# Ordinal Numbers with Definition and Examples

Counting is one of the first things we learn at school. One, two, three – all of us know how to count up to large numbers, like one hundred! We can count on our fingers, in our heads, and write the numbers down on paper too!

Counting numbers are also called cardinal numbers. They help us answer questions starting with “How many?”. For instance, if someone asks “How many tacos do you want?”, you might reply “Two tacos!” Here, ‘two’ is a cardinal number.

But there’s another way of using numbers called ordinal numbers. It’s useful when you’re trying to tell someone the position of an object. Let’s learn more about them.

## What are Ordinal Numbers?

Ordinal numbers don’t tell you how many objects there are in total. But in a large collection of stuff, you can easily pinpoint a single object using them! Imagine there are five apples in a row and you want to eat the middle one. What do you say? Something like, “I want the third apple!” Here, ‘third’ is an ordinal number.

Ordinal numbers are named so because they tell you the order of an object in a series. We use ordinal numbers all the time! If someone wins a race, we say they came first. Here, ‘first’ is an ordinal number.

## Examples of Ordinal Numbers

There is an ordinal number for every cardinal number! As the cardinal numbers go one, two, three, four, the ordinal numbers go first, second, third, fourth and so on. Let us look at some of the first few ordinal numbers:

Notice something interesting? Almost all of these ordinal numbers end with the letters ‘th’, except for ‘first’, ‘second’, and ‘third’! In fact, for all numbers over 20 whose last digit isn’t 1, 2 or 3, their ordinal number ends in ‘th’!

For example, the ordinal number for 45 is forty-fifth, and for 99 it’s ninety-ninth. But the ordinal number for 21 is twenty-first, and for 53 it’s fifty-third!

## Cardinal Numbers vs Ordinal Numbers

Cardinal numbers tell us about the total amount of objects, like 5 cats or 7 dogs. But they cannot be used to tell the position of a single object. If you were 9 years old, you could simply say your age is nine! But what if you wanted to invite someone to your next birthday?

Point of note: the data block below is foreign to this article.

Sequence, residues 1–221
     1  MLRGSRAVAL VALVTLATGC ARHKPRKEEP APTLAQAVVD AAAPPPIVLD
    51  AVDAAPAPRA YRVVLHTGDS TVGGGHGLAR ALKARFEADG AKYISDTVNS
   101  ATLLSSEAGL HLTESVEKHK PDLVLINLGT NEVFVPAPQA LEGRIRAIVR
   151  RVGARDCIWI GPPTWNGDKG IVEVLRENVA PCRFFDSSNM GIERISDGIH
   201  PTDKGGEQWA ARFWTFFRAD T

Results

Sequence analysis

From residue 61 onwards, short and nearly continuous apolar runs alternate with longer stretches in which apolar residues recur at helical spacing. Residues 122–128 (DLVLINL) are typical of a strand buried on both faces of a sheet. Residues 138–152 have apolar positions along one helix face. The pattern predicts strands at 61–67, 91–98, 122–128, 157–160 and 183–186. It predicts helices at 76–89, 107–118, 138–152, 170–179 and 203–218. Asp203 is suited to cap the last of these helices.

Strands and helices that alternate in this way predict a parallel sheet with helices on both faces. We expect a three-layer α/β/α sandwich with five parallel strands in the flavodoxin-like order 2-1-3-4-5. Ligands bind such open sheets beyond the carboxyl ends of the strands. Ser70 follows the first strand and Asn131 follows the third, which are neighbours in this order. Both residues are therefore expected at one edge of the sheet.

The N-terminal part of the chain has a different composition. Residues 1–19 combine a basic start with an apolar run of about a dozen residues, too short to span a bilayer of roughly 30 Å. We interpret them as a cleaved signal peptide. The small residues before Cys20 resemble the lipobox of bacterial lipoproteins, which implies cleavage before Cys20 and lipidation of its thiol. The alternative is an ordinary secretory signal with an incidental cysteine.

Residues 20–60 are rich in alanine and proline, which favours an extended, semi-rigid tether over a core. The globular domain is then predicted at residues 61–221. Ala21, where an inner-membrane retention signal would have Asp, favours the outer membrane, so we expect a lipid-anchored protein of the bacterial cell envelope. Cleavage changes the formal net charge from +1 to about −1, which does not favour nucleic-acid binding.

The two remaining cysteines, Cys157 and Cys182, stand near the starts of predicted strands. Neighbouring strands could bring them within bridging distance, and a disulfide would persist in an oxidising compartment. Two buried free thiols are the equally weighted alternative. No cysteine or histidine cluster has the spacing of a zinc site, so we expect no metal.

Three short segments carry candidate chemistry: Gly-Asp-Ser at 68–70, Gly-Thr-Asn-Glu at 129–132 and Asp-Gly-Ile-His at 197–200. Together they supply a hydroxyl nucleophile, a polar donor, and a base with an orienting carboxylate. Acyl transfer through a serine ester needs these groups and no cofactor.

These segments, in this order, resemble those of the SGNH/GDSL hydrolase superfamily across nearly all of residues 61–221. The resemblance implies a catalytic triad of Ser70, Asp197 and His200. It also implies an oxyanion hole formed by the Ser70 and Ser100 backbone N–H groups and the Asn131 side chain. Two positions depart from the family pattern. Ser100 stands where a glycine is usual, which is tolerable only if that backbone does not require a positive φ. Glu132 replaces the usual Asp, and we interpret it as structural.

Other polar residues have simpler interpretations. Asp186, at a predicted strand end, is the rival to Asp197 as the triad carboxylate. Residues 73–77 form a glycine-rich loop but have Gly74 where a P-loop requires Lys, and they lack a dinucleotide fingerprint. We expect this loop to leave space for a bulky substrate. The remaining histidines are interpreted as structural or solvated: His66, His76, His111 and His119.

You could say, “Please come to my birthday, when I turn ten!” But that’s a lot of words! Or you could use ordinal numbers and say, “You’re invited to my tenth birthday!” Easy, isn’t it?

Ordinal numbers are used to describe the ranking or order of an object. You can’t use ordinal numbers in place of cardinal numbers! If someone said they’re the second tallest in their class, we wouldn’t know the total number of students in that class!

We know cardinal numbers can be written as 1, 2, 3 and so forth. We can write ordinal numbers similarly too! Take the ordinal number ‘second’. We start with the related cardinal number: 2. Then, we write the last two letters of ‘second’ after 2: 2nd. And there you go! You can now write first as 1st, third as 3rd, and so on!

## List of Ordinal Numbers from 1-100

Let’s learn ordinal and cardinal numbers from 1-100:

## Where do we use Ordinal Numbers?

We use ordinal numbers in our day-to-day lives. In competitions, the top three positions are first, second and third! In an elevator, we press a button to go to the sixth floor! We also use ordinal numbers to give instructions – first step, second step, and so on!

A recipe for making pancakes might begin with “First, melt butter. Second, warm some milk.” If we want something done quickly, we say “Do this first!” We use ordinal numbers while giving directions too – like “Take the third left down the street!”

We use ordinal numbers in titles of kings and queens: King Charles the First, or Queen Elizabeth the Second. We also use them when writing dates! For instance, Fourth of July or January 10th. We even find ordinal numbers in idioms! For example, to complete your homework at the Eleventh Hour means to do it just before you have to submit it!

## Ordinal Numbers Worksheet:

Q: “The crocodiles snapped at the boat.” What are the third and sixth words in this sentence?

A: Snapped, boat.

Q: Write both forms of ordinal numbers for the following: 2, Eight, 12, Twenty, Thirty-One, 85, One Hundred.

A: Second (2nd), Eighth (8th), Twelfth (12th), Twentieth (20th), Thirty-First (31st), Eighty-Fifth (85th), One Hundredth (100th).